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Catholicism is the religious belief and tradition of the Catholic Church, typically referenced as or to Roman Catholicism. As of the beginning of the twenty-first century, Catholicism has over one billion followers. The word Catholic comes from the Greek word ‘katholou,’ meaning ‘universal,’ as in the ‘universal church,’ to become the universal church of humanity.
History of Catholicism
The Catholic Church’s history is debated. Catholics claim their traditions and beliefs date back to the first century and began with the Apostle Peter, who they claim was the first Pope.
Historians and Protestant theologians date Catholic beliefs to the gradual occurrences that developed over time, splintering from the early church. This began with the Roman Era when Emperor Constantine made Christianity legal and equal to Paganism in 313 a.d. To the time when Pope Gregory I in 590 a.d. consolidated control of various lands under the Pope’s authority, created what would be known as the Papal States and the birthplace of the modern Catholic Church.
Beginning with the second century, many historical records from Celsus and Ariel Durant and early Church Fathers such as Irenaeus; all bore witness to various groups that splintering into early factions or types of Christian denominations. Celsus who was a second-century enemy of the church, stated that each individual desired to have their own party, and were splitting into many different factions. In 187 a.d.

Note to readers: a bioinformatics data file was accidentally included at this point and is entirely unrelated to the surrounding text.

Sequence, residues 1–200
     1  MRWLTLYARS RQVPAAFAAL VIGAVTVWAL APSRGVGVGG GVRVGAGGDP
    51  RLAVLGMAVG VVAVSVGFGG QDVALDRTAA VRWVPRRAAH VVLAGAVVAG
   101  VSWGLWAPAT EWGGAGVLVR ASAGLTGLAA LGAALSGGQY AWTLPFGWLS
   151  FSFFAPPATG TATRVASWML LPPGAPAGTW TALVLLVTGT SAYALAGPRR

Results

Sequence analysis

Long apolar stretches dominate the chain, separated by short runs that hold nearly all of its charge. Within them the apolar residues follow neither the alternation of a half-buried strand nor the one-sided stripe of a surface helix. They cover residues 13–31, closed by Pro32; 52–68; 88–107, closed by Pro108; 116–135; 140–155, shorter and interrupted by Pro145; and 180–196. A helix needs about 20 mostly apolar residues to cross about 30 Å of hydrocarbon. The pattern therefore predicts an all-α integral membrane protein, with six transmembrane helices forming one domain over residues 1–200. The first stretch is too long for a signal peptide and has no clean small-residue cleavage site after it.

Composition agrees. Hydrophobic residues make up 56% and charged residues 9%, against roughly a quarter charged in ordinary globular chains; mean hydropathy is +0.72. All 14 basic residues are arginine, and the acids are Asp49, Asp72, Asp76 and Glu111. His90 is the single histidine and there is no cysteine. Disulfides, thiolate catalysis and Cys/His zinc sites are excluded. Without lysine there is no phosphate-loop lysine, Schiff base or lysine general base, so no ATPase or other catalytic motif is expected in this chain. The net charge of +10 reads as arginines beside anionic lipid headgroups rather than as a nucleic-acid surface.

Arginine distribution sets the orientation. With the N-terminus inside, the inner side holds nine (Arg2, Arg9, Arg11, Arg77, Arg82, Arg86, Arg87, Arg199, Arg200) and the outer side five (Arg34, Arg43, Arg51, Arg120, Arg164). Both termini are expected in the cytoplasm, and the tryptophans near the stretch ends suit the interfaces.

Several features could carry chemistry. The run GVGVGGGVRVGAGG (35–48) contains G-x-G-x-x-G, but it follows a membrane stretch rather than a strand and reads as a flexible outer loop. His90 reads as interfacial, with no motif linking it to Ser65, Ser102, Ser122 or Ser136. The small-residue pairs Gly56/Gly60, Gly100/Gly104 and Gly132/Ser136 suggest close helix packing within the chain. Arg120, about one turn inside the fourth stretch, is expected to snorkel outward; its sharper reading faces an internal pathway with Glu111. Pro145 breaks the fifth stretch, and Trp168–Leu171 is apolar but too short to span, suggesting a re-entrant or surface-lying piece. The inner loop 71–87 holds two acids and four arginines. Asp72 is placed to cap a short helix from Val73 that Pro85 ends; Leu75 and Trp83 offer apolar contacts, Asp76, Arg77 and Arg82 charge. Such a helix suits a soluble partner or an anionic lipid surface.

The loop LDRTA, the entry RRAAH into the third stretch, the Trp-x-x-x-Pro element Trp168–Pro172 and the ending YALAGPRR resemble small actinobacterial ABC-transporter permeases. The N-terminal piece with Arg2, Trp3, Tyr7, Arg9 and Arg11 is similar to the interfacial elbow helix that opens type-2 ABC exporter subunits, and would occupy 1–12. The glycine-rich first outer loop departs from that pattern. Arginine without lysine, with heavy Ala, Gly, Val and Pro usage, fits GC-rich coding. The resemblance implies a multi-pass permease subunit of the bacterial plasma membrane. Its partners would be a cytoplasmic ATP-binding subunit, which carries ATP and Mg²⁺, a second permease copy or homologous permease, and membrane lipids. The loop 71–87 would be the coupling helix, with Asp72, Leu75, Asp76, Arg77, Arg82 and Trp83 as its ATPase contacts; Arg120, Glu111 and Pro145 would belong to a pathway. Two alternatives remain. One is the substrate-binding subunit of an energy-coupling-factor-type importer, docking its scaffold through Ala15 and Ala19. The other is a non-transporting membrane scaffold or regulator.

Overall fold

Irenaeus listed 20 varieties of Christianity and in 384 a.d. Epiphanius recorded eighty different Christian factions or denominations. Even in the Book of Revelation, written circa 100 a.d, there were Bishops of equal authority over various churches of Europe and Asia Minor. We find accounts of these Churches in the writing of 2-4 century church leaders and historians.
Here we can see how one of the primary splits of the early Christian faith, utilizing political power for control, eventually became a dominating force using people’s faith to maintain their power, developing the Roman Catholic Church.
Catholic Doctrines and Theology
Over time the Catholic Church developed distinct doctrines, theologies, and teachings that differ from the teaching of the original church and the protestant faith. Various councils were formed to determine and settle various doctrinal issues that would be cemented into Catholic theology. These theologies where recorded in the Catholic Catechisms.
The Catholic Church uses the Bible and the Catechism of the Catholic Church as its primary sources of scripture and authority.
Catechism of the Catholic Church (CCC)
A catechism is the summary or exposition of a doctrine or belief in the Catholic Church.
The Catechism of the Catholic Church or CCC is the reference work that summarizes all of the Catholic Churches’ doctrine. It was pronounced as canonical law in 1992 by Pope John Paul II. He declared at the time that it was a valid legitimate instrument for ecclesial communion and teaching of the faith. It has been translated into multiple languages around the world.
Dogma is defined by the Catholic Church as a revelation or truth revealed by God, which is binding to the church by the magisterium. Catholic believers are to adhere to all teachings the church has determined to be a dogma.